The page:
NEW ORLEANS - Thomas Morstead is more than a quick study.
The New Orleans Saints’ rookie punter and kickoff specialist has had a bullet-train fast learning curve since his high school days in Pearland, Texas, playing a critical role in the Saints’ first Super Bowl berth in their 43-year history.
Consider, for a moment, that Morstead didn’t even play football until his senior year at Pearland High School. That when he enrolled at that school, as a ninth-grader, he stood a shade over 5 feet tall and probably got pushed into more than his fair share of lockers.
Morstead’s transformation began with a growth spurt of amazing proportions, and his athletic career took a decisive turn when he was bound and determined to play high school soccer for the Pearland Oilers in 2003.
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See, to help his chances on that front, Morstead tried out for the football team.
And his right leg became a weapon that took the personable, 6-foot-4, 225-pound Morstead from the greater Houston area to Southern Methodist University and finally the NFL.
“I grew 15 inches in my first two years of high school,” Morstead said last week at Saints camp in Metairie, La. “I’d have a lot of pain in my legs at times. But I really liked playing soccer. I’d played organized soccer since I was 4 years old. My mom (Isobel Morstead) grew up in England and had played soccer. Same thing with my dad (John Morstead), although he grew up in Lake Charles, La.
“It’s been crazy, going from Point A to Point B. There’s about 20 points in between. I got cut from the varsity soccer team my junior year in high school. I went out for football in order to get a leg up on soccer, to show the coaches what I could do.”
Morstead has been doing that ever since.
And he’ll be unloading punts, as well as kickoffs, when the Saints (15-3) face the AFC champion Indianapolis Colts (16-2) in Super Bowl XLIV on Sunday in Miami.
The Saints are 51/2-point underdogs in the big game, so a solid special-teams performance could have an impact on their chances. Fourth-year Saints coach Sean Payton likes Morstead’s contribution.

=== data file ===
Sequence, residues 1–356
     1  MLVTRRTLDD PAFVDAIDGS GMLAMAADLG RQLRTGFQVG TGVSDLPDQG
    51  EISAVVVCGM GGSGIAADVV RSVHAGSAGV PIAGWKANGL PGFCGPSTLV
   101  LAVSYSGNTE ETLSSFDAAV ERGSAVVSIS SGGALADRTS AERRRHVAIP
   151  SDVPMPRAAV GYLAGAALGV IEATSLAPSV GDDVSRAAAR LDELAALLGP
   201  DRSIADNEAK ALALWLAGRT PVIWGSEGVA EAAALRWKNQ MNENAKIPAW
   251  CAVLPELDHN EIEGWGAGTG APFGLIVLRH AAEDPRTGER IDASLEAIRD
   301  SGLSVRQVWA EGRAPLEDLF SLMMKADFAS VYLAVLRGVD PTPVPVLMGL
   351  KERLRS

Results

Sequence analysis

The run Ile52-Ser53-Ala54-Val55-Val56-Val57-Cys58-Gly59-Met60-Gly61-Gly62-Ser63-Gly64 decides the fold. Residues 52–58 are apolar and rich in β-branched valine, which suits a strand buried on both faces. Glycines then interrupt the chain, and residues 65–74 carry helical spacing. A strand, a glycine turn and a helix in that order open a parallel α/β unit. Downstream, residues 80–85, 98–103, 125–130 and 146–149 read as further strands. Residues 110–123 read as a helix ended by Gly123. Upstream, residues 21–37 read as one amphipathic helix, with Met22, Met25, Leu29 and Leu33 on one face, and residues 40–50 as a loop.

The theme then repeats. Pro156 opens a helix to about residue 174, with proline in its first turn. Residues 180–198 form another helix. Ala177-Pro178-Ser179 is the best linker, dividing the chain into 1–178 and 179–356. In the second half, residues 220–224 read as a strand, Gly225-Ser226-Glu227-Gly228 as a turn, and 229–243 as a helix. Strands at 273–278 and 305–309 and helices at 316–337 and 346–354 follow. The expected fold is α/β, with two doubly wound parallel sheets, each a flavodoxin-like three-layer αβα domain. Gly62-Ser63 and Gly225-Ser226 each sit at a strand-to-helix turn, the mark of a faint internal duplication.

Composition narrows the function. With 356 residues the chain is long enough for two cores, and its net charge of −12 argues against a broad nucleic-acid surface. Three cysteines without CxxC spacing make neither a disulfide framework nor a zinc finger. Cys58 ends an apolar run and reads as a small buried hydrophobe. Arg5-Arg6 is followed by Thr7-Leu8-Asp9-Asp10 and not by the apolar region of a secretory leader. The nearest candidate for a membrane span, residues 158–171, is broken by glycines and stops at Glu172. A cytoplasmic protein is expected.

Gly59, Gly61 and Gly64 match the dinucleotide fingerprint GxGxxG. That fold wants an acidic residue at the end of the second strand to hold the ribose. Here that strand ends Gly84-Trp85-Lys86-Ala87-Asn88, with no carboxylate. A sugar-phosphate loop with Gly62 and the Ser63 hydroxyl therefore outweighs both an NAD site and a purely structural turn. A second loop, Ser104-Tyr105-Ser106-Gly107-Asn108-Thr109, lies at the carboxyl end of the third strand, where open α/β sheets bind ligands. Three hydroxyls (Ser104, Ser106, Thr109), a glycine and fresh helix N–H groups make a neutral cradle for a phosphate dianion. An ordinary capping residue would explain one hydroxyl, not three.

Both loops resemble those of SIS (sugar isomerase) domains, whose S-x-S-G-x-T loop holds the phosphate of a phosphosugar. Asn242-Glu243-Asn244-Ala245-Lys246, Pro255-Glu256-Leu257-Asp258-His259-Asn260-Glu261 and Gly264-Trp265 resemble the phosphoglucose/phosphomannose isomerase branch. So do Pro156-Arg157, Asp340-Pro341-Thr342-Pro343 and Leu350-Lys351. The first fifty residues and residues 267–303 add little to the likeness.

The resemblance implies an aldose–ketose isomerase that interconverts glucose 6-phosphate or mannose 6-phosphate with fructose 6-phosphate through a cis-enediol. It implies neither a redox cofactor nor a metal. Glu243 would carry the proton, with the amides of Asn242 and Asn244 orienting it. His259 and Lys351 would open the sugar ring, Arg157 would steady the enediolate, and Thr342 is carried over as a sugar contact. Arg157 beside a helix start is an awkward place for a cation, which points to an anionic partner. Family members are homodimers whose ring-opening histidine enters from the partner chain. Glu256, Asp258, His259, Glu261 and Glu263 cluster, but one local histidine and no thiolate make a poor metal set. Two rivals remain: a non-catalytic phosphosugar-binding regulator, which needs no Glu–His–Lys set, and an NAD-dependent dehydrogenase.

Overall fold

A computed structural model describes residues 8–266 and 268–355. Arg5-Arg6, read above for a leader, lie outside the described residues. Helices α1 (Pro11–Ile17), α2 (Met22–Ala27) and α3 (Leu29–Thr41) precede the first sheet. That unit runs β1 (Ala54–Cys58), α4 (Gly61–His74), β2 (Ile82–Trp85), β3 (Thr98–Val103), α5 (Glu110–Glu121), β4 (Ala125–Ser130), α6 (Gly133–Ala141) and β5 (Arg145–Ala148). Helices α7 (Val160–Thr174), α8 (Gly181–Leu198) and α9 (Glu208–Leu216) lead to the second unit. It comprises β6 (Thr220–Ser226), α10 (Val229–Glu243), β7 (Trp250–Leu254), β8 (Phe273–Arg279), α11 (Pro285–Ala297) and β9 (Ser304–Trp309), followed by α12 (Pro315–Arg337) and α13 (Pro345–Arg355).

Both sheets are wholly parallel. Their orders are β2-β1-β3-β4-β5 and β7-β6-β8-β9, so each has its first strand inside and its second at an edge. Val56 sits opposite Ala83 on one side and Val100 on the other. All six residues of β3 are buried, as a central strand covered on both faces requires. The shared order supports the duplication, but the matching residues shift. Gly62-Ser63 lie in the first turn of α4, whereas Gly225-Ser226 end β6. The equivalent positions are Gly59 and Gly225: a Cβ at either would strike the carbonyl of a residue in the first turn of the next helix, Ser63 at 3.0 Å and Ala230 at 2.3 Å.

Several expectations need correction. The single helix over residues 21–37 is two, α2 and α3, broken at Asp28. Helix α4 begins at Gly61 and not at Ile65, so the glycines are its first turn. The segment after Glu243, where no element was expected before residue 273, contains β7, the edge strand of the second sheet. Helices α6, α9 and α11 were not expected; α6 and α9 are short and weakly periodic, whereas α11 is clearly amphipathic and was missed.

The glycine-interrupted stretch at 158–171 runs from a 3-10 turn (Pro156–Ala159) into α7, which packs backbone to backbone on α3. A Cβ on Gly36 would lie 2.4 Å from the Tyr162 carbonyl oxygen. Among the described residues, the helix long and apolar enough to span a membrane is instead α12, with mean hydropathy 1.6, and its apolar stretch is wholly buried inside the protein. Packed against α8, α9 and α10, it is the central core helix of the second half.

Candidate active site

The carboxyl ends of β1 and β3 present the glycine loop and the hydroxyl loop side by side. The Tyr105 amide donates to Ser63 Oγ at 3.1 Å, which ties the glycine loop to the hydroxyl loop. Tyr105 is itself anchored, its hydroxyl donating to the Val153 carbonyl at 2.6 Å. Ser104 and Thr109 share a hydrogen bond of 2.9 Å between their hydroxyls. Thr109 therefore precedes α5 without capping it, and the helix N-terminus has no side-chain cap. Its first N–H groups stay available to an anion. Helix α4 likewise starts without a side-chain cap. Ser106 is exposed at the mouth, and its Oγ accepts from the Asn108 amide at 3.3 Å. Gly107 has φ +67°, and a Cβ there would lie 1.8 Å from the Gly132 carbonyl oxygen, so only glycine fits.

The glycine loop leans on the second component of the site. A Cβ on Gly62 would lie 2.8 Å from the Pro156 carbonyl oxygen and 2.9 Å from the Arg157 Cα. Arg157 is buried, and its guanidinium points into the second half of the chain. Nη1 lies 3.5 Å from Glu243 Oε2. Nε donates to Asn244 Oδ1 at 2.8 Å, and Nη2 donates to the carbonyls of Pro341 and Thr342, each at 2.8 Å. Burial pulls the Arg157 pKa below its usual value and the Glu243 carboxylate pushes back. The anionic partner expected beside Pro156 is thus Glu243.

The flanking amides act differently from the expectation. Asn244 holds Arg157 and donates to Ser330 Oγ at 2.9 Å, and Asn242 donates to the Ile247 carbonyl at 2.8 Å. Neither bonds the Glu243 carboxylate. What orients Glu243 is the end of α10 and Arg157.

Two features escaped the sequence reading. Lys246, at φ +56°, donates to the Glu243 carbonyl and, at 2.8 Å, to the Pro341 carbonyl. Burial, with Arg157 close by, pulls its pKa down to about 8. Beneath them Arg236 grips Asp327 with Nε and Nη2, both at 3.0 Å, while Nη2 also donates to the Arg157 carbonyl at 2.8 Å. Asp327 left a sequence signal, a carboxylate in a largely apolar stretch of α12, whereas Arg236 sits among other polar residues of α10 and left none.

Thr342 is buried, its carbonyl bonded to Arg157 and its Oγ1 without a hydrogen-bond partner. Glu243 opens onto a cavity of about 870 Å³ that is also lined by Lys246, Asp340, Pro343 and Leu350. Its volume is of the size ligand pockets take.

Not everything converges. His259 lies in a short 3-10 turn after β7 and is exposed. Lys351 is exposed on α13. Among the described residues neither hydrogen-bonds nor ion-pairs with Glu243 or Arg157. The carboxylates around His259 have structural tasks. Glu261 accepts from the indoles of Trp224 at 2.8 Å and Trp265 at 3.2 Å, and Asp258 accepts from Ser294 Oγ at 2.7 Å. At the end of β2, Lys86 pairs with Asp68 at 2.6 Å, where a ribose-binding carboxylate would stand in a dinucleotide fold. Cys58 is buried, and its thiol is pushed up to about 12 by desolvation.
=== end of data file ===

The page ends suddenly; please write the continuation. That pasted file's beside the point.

“Thomas is having a Pro Bowl-type season,” Payton said. “When you look at his hang time, on his punts, to his ability on kickoffs. You take a returner like Minnesota had last week (Percy Harvin in the NFC title game), and every time he catches a kickoff, he’s a threat. For our defense to start on the opponents’ 20, that’s pretty big.
“And the field position in these games is no different than the turnovers, and the mistakes. They’re all critical as it pertains to winning and losing.”
Morstead averaged 43.6 yards per punt during the regular season, but that number has soared in the playoffs.
He’s punted 11 times, seven of them in the tense 31-28 overtime victory over Minnesota, for a whopping 48.2-yard average.
He has not had a punt blocked. More than half of his kickoffs reach the end zone, and he’s had six touchbacks in the playoffs.
In other words, Morstead is tearing it up.
And he can’t help but laugh about his draft-day experience, when the Saints traded up to grab him in the fifth round. Morstead was one of three punters drafted last spring. And he’s the only one playing in the Super Bowl on Sunday.
“I know there was a lot of people questioning (the Saints’) move. I loved it,” Morstead said. “You guys (the media), fans, draft guys on TV … I took it as a challenge. I’ve had people get in touch with me, tell me they were wrong, that they really like what I’ve done since I got to the Saints.
“I’ve had some flat-out apologies, too.”
Still, Morstead is a rookie, and as such, he is subject to at least some good-natured hazing. When a reporter learned he majored in mechanical engineering and pre-med at SMU, a private school with an excellent academic reputation, Morstead was asked if he planned to someday become a doctor.
Saints quarterback Drew Brees heard the question as he walked by on his way to the team meeting room.
Brees cracked a smile and said, “No, he wants to be a dentist.”
You know, like “The Hangover.”
Brees repeated a sanitized version of one of the hilarious movie’s more memorable lines and went on his merry way.
Morstead would soon join him.
There was nothing left to say.